[Ed. – Well, sure. Making no preparations at all would, inherently, qualify as being underprepared — in the long run. How long is the run? Who knows? Meanwhile, it’s interesting to me that the one scientist thinks kinetic impact would work so well. That’s the anti-missile “star wars” proposition, which so many folks have pooh-poohed over the years. Sure, a comet or asteroid is a lot bigger than a missile body. But it’s also going nearly 90 mach — more than 10 times the fastest descent-phase speed for an approaching missile — and would have to be intercepted as far as possible from Earth to minimize collateral damage. In the vast context of outer space, it’s still hitting a bullet with a bullet.]
Humans are woefully unprepared for a surprise asteroid or comet, a Nasa scientist warned on Monday, at a presentation with nuclear scientists into how humans might deflect cosmic dangers hurtling toward Earth.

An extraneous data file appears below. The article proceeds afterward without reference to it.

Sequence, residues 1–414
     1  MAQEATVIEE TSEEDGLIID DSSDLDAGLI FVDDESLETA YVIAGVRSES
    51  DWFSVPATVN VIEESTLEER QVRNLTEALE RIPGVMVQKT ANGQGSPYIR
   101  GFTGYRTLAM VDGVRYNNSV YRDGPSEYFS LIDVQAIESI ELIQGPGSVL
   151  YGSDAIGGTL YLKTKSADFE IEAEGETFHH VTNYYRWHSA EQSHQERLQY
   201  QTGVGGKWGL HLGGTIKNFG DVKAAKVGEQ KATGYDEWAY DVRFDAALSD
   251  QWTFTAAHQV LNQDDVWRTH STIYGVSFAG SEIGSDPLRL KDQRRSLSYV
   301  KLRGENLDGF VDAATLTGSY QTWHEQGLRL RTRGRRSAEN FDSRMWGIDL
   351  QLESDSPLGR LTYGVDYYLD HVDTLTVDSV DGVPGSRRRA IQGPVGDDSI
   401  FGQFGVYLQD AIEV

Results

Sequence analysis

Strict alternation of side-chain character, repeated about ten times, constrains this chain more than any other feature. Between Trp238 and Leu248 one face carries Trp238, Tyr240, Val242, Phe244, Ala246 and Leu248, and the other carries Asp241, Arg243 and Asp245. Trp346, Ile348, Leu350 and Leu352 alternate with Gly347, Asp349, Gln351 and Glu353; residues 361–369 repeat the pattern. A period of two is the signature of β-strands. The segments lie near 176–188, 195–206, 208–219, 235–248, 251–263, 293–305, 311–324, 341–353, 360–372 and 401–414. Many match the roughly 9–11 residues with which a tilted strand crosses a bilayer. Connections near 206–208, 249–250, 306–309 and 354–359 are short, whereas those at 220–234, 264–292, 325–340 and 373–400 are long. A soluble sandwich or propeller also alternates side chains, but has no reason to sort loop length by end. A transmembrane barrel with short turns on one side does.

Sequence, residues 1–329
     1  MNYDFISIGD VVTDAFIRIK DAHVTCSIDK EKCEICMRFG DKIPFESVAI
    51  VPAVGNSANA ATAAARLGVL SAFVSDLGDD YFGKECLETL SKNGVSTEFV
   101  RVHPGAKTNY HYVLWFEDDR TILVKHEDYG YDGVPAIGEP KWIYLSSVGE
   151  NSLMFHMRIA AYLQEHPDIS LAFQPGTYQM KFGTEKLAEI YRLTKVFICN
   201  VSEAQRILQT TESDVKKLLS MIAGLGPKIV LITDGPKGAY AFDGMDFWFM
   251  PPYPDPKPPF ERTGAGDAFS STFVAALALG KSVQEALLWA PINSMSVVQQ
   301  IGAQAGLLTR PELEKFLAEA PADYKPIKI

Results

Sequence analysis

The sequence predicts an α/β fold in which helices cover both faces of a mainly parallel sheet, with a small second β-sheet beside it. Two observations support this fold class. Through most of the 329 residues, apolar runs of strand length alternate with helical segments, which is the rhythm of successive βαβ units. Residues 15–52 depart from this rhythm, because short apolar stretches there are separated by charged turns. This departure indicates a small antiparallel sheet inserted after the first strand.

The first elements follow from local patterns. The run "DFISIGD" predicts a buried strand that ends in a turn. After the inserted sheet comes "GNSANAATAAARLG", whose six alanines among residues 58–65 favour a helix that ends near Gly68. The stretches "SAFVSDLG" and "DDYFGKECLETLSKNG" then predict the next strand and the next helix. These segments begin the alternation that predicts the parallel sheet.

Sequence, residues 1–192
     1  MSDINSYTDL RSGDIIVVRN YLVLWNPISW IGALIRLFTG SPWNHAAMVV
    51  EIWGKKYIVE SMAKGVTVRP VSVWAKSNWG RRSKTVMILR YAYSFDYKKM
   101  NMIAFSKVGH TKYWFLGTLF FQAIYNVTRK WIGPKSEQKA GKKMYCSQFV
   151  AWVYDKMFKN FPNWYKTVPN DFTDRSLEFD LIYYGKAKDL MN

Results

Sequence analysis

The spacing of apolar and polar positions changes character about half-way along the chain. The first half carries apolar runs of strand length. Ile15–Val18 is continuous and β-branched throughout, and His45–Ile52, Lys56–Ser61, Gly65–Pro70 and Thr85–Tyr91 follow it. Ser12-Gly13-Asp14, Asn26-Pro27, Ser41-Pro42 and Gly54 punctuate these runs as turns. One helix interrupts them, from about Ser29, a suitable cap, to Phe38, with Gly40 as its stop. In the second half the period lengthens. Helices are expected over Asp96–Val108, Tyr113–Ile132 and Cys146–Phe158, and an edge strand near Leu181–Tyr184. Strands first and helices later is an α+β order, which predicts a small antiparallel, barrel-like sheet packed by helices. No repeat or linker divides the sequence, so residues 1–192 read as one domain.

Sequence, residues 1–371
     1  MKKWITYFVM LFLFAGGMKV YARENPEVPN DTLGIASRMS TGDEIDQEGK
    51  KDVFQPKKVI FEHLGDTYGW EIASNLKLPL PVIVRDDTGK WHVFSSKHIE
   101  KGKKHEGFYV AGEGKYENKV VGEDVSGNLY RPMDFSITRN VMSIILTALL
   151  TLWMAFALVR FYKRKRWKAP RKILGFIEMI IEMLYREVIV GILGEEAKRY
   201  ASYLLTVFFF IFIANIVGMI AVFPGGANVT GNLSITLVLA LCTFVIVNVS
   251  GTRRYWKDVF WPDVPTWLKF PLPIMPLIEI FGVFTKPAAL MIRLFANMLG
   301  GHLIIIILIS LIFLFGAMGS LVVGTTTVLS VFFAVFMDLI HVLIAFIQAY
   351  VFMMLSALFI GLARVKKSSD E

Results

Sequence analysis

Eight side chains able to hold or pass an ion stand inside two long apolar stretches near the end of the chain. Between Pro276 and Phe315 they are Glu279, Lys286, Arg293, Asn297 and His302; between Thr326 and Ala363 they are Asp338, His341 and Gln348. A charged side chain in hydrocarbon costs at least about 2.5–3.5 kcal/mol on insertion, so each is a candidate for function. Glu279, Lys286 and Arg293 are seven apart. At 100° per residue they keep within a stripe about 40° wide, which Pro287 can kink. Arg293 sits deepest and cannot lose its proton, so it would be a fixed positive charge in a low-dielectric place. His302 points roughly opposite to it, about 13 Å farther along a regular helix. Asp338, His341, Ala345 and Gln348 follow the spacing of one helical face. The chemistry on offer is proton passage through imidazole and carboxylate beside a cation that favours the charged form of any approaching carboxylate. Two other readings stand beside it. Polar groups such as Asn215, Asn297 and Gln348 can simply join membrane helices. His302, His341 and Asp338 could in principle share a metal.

“The biggest problem, basically, is there’s not a hell of a lot we can do about it at the moment,” said Dr Joseph Nuth, a researcher with Nasa’s Goddard Space Flight Center. …
Nuth said that the Earth had “a close encounter” in 1996, when an aberrant comet flew into Jupiter, and then again in 2014, when a comet passed “within cosmic spitting distance of Mars”. That second comet was only discovered 22 months before its brush with a planet: not nearly enough time to launch a deflection mission, had it been on a course for Earth.
“If you look at the schedule for high-reliability spacecraft and launching them, it takes five years to launch a spacecraft. We had 22 months of total warning.” …
Dr Cathy Plesko, a scientist at Los Alamos National Laboratory, said there were two ways humans might deflect an asteroid: a nuclear warhead or a “kinetic impactor, which is basically a giant cannonball”.
“Cannonball technology is actually very good technology, intercepting an object at high speed actually ends up being more effective than high explosives”.